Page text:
Socialist French President Fran├žois Hollande is unhappy with the "inequality" of education in his country.  He thinks it's unfair that some children get schoolwork help from their parents at home while others don't.  To address this perceived injustice, Hollande plans to ban all homework in French schools and force all students to complete their work at school.  In typical socialist fashion, he wants to "foster educational equality" not by raising performance standards and increasing educational opportunities for everyone, but by punishing those children whose parents take an interest in their education and dare support them at home.

As reported by France 24, President Hollande pledged last week "to ditch homework" for all French children as part of his latest socialist reforms.  His wide-ranging changes are "aimed at improving standards for over-worked French pupils, especially those in disadvantaged areas."  Hollande justified his actions by claiming that an "education program is, by definition, a societal program. Work should be done at school, rather than at home, in order to foster educational equality for those students who do not have support at home."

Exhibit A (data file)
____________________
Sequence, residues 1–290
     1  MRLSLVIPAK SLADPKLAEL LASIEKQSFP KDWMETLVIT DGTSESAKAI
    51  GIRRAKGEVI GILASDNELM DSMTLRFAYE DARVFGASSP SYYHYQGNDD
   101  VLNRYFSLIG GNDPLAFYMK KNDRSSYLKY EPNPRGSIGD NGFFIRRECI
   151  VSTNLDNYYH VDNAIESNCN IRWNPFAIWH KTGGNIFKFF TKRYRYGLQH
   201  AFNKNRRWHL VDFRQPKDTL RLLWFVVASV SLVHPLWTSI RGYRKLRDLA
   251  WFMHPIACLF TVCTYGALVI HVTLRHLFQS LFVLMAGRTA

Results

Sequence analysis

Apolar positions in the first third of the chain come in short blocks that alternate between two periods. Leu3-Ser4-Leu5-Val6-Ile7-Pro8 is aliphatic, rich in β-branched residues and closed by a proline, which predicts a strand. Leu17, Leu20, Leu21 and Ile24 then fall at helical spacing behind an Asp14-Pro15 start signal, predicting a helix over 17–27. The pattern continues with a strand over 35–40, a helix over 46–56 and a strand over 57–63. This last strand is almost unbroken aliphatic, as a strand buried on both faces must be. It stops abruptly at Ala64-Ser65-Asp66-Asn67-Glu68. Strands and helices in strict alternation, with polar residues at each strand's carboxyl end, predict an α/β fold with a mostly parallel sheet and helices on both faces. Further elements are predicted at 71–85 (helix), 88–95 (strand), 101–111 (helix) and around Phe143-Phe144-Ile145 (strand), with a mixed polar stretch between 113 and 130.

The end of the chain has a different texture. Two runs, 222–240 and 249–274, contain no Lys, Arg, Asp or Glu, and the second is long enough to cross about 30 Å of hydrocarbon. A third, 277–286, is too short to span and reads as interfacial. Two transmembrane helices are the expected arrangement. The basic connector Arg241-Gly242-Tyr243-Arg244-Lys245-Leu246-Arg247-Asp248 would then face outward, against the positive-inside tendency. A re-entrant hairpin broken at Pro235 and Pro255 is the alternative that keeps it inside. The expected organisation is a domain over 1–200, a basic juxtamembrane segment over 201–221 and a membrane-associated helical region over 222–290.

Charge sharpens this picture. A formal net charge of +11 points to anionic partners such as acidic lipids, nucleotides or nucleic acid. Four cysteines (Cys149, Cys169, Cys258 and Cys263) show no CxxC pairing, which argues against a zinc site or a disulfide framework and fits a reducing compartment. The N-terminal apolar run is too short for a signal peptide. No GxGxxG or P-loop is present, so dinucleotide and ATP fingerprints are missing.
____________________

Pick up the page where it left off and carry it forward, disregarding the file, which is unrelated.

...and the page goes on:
The socialists in France believe that "it takes a village," and only a village, to educate a child.  Parents have no business butting in.  Families should not give their progeny any educational advantages outside the school confines.  This is, after all, the birthplace of socialist and communist ideologies.  Bourgeois principles such as traditional families, involved and caring parents, individual achievement, personal responsibility and accountability, and the ability to freely pursue one's dreams cannot be tolerated. 

In typical communist fashion, Hollande is promoting the "equality of outcomes" mentality that underscores the envy of other and class hatred themes so prevalent in Marxism.  Rather than strive to implement the more ethical, just, and fair "equality of opportunities" ideal, French politicians would rather sacrifice the educational opportunities and welfare of all its children in the interests of the socialist definition of "equality." 

This latest education reform spectacle in France showcases the intellectual and moral bankruptcy of socialism.  In the delusional view of leftist ideologues, good parents and stable families have no right to support their offspring's education.  Their children must be prevented from unfairly getting any educational advantages over other students from "disadvantaged" households.  However, parents who are derelict in their duties and fail to educate their children will be protected and rewarded by the state.

As Winston Churchill so rightly proclaimed, and as millions of French citizens will again experience firsthand, "socialism is a philosophy of failure, the creed of ignorance, and the gospel of envy[;] its inherent virtue is the equal sharing of misery."

Chris Banescu regularly blogs at www.chrisbanescu.com and www.orthodoxnet.com/blog.